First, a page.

The relationship between bees and flowers is well understood. Bees visit flowers to gather pollen and nectar for food, and in doing so, they pollinate the flowers and help the plants produce seeds. That's always a win-win situation - or is it?
A colletes bee gathering pollen from a fleabane, a member of the aster family.
Photo: Andreas Müller / Applied Entomology ETH Zürich
Maybe not, at least for some plants in the aster family. Every pollen grain lost to a bee represents one less seed that plant can produce. Pollen production requires a lot of energy from the plant, so it's in the plant's best interest to prevent too much pollen from buzzing off.
Researchers at the Swiss Federal Institute of Technology Zurich discovered an unusual adaptation in asters that limits its number of pollinators. They found that a number of bees belonging to the genus Colletes specialize in the aster family, while other Colletes species went out of their way to avoid the asters. Why would bees steer clear of an abundant family of flowers that provides easy access to its pollen?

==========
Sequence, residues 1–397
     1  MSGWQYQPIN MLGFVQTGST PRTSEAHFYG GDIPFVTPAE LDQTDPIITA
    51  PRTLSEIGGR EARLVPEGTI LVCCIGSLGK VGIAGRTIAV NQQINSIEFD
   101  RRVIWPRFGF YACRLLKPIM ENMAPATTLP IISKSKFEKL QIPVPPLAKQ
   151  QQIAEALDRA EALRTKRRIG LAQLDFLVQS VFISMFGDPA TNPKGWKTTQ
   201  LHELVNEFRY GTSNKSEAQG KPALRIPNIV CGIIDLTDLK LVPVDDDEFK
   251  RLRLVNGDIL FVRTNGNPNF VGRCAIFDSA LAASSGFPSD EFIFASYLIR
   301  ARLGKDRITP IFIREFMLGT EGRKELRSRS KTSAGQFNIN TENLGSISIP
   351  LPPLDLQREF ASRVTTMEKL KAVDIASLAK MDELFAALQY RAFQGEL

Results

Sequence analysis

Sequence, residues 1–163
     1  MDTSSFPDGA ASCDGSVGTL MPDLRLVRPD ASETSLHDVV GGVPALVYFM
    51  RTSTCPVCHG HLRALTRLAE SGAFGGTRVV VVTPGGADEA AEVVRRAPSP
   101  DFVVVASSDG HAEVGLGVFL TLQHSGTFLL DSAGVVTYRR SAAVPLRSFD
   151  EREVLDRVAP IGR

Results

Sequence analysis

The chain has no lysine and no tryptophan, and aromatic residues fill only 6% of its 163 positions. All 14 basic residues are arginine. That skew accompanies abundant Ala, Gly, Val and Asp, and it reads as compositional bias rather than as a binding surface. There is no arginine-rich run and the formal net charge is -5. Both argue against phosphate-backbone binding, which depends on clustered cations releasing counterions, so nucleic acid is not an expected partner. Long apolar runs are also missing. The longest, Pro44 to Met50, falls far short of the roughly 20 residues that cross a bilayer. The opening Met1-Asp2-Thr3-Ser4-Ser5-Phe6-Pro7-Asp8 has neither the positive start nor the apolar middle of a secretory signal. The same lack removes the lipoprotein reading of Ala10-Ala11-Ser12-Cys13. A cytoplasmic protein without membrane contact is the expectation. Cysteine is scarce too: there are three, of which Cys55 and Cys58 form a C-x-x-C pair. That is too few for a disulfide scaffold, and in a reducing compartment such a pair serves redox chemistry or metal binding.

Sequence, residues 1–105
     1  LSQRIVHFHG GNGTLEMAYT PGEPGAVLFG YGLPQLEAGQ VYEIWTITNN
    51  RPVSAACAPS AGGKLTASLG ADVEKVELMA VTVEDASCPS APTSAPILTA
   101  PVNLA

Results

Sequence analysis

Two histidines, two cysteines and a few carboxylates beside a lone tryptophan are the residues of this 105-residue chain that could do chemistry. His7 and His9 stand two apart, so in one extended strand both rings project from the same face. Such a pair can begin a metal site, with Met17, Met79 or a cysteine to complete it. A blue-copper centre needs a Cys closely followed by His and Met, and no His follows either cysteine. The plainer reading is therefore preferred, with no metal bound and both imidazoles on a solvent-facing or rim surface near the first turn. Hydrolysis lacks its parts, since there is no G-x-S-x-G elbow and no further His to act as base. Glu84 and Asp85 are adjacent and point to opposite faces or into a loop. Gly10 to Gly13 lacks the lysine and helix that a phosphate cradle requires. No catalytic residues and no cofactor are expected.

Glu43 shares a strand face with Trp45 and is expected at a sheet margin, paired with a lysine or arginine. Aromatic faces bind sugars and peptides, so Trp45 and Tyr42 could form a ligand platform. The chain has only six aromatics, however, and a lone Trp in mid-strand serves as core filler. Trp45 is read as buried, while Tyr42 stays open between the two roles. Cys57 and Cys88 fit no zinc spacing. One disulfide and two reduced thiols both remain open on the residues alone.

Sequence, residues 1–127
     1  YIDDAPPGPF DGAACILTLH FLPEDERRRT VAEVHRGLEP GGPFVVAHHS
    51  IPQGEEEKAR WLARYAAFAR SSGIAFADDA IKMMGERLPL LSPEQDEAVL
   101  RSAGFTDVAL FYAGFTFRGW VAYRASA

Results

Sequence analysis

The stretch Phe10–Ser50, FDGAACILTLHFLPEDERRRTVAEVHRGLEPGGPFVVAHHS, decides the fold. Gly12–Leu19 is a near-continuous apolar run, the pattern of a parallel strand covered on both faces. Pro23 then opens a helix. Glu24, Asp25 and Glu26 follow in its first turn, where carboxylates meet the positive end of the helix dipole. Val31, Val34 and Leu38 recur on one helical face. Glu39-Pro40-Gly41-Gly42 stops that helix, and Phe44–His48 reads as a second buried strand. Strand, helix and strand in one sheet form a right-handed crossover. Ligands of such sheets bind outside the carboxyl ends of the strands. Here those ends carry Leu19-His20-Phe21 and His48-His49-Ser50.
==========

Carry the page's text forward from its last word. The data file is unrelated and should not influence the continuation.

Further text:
The scientists hypothesized that certain aster flowers might produce pollen that contains chemical toxins to deter some bee species. To test their theory, the team fed bee larvae with pollen from the aster family, which was not part of their normal diet. Although the larvae ate the wrong food for up to 30 days, they did not grow. Not one species managed to develop from a larva into a bee – apart from the bees that specialized on this plant family.
Claudio Sedivy, a PhD student in applied entomology, is now collaborating with chemist Rafal Piskorski and student Claude Hüsser to test whether pollen from members of the aster family contains toxins and whether the corresponding bees have adapted their metabolism especially in order to use the pollen.